A quick scan yields no fewer than a dozen organizations dedicated to promoting peace based on a two-state solution, dialogue between peoples and the Arab Peace Initiative. A similar number of organizations are actively promoting human rights for Palestinians in the occupied territories: Peace Now, the state-funded Peres Center for Peace, the Geneva Initiative, Israel Peace Bloc (Gush Shalom), Blue White Future, the Israel Initiative, the Regional Initiative, Israel/Palestine Center for Research and Information, Combatants for Peace, Parents Circles – Families Forum, Women Wage Peace, the Association for Civil Rights in Israel, B’Tselem, Yesh Din, Hamoked, Ir Amim, Terrestrial Jerusalem, Bimkom, Mahsom Watch, Ta'ayush, Rabbis for Human Rights, Khakel, Gisha and Breaking the Silence. This is only a partial list.

The only initiative by the peace camp on the horizon ahead of the 50th anniversary of the occupation is coalescing around Peace Now. The vague slogan chosen for the campaign — “Deciding at 50” — is designed to appeal to concerned Israelis from the political center and moderate right who are put off by “controversial” definitions such as “left,” “occupation” and “apartheid.” The fate of initiatives to organize peace rallies and protests against the occupation in June 2017 hangs in the balance.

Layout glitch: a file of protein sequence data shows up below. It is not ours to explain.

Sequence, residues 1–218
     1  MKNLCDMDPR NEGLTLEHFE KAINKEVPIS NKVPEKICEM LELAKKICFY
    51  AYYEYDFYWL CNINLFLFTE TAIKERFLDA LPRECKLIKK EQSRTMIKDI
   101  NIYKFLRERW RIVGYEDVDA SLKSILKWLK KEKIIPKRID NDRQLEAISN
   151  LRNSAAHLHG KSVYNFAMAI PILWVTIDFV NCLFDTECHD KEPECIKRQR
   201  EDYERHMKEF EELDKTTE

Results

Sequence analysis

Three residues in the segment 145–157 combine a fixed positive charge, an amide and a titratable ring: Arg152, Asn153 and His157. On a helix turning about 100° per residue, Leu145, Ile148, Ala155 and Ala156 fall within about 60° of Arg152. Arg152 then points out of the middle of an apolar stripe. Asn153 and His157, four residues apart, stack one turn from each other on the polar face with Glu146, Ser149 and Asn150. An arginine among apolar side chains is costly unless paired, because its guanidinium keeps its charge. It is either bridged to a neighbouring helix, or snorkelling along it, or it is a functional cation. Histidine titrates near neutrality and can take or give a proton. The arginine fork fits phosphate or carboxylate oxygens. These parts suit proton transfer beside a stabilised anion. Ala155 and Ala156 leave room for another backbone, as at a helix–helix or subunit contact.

The right is marketing victory celebrations, while the left plays the role of the doomsday prophet and party pooper. In recent weeks, the various peace organizations have held discussions on how to rise to this challenge. The right has at its disposal an abundance of public funds, a mass circulation and free daily newspaper (Israel Hayom, owned by the US billionaire and Netanyahu patron Sheldon Adelson), populist television channels (such as Channel 20), an obedient education system, Jewish donors, generous evangelists and assorted tax-exempt organizations. The left-wing organizations are chasing a handful of donors and must deal with significant funding cuts by the European Union and its member states following the economic crisis on the continent and the need to help masses of refugees from the Middle East. Civics teachers are careful not to bring up values that are perceived in today’s Israel as being “leftist,” such as equal rights, and subscribers of the daily Haaretz are considered virtual traitors.

In the absence of an effective partisan opposition, civil society is the last remaining hope of the peace and democracy camp. It is too important and too weak to be split. The 50th anniversary of the “unification of Jerusalem” presents a rare opportunity to close ranks in the defense of values that were once Israel’s inalienable assets.